Trusts created by a Virginia couple who died in the 1950s have resulted in $125 million in donations to the Virginia Museum of Fine Arts, Virginia Commonwealth University and 13 other nonprofit organizations.
Nearly $70 million will go to the museum to create an art purchase endowment and help pay for its recent renovation and expansion.
Another $45 million will go to VCU to support research and treatment of cancer and degenerative diseases.
The remaining $10 million will be shared by 13 nonprofits, all but two of which are based in Virginia.
Alex Nyerges, director of the art museum, said money from the trusts of Arthur and Margaret Glasgow represented the largest single cash gifts to the VMFA and VCU.
He added that $60 million of the $70 million given to the VMFA would be used to create the seventh largest art acquisition endowment among museums in the U.S.
The 13 organizations sharing the $10 million are: Sheltering Arms Hospital, Richmond Memorial Health Foundation, Jenkins Foundation, Virginia Home, Children’s Hospital of Richmond, Virginia Healthcare Foundation, Historic Richmond Foundation, Virginia Historical Society, Second Presbyterian Church of Richmond, Saint Paul’s Church of Richmond, Washington & Lee University, Wabash College in Indiana and Stevens Institute of Technology in New Jersey.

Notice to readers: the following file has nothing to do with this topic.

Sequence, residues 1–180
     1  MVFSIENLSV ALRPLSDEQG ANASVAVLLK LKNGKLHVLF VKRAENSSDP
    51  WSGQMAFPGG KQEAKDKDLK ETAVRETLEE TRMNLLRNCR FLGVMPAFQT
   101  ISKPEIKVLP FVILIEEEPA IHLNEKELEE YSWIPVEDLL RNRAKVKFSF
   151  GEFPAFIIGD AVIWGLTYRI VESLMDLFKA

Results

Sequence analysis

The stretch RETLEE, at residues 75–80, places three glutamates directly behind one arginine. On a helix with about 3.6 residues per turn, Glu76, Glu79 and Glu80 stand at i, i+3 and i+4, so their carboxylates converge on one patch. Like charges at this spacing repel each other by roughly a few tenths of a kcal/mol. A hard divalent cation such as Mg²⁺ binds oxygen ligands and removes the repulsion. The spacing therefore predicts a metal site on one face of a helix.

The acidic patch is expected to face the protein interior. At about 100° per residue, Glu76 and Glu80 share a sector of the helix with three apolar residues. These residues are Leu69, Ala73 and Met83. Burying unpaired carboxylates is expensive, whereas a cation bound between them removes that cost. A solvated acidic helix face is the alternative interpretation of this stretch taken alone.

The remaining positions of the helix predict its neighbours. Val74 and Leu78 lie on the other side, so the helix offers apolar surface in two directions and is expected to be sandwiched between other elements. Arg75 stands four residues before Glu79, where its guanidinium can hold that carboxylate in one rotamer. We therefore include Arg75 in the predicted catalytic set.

The Glasgows’ trusts were terminated earlier this summer after the death of their son-in-law, Ambrose Congreve of London, at the age of 104. He married the Glasgows’ only child, Marjorie, in 1935.
A native of Botetourt County, Arthur Glasgow was chairman of Humphreys & Glasgow, an engineering firm based in London. Ellen Glasgow, a Pulitzer Prize-winning author, was his sister.
Margaret Glasgow was a descendent of the prominent Branch family in Richmond. Author James Branch Cabell, for whom VCU’s library is named, was her cousin.
Margaret Glasgow died in 1952 and her husband died in 1955. They are buried in Richmond’s Hollywood Cemetery.
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